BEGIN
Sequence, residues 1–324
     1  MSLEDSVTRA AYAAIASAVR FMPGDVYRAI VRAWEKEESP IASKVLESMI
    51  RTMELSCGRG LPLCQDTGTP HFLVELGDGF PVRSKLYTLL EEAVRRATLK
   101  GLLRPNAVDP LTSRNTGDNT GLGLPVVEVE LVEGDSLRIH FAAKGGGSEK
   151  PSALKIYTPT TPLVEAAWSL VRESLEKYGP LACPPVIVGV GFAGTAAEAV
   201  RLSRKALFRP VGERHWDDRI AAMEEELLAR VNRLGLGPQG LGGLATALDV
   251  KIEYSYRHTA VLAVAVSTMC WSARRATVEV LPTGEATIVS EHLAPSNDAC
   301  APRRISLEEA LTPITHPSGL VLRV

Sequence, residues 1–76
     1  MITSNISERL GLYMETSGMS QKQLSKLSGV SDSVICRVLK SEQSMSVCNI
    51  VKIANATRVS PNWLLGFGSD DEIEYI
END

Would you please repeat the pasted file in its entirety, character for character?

Sequence, residues 1–324
     1  MSLEDSVTRA AYAAIASAVR FMPGDVYRAI VRAWEKEESP IASKVLESMI
    51  RTMELSCGRG LPLCQDTGTP HFLVELGDGF PVRSKLYTLL EEAVRRATLK
   101  GLLRPNAVDP LTSRNTGDNT GLGLPVVEVE LVEGDSLRIH FAAKGGGSEK
   151  PSALKIYTPT TPLVEAAWSL VRESLEKYGP LACPPVIVGV GFAGTAAEAV
   201  RLSRKALFRP VGERHWDDRI AAMEEELLAR VNRLGLGPQG LGGLATALDV
   251  KIEYSYRHTA VLAVAVSTMC WSARRATVEV LPTGEATIVS EHLAPSNDAC
   301  APRRISLEEA LTPITHPSGL VLRV

Sequence, residues 1–76
     1  MITSNISERL GLYMETSGMS QKQLSKLSGV SDSVICRVLK SEQSMSVCNI
    51  VKIANATRVS PNWLLGFGSD DEIEYI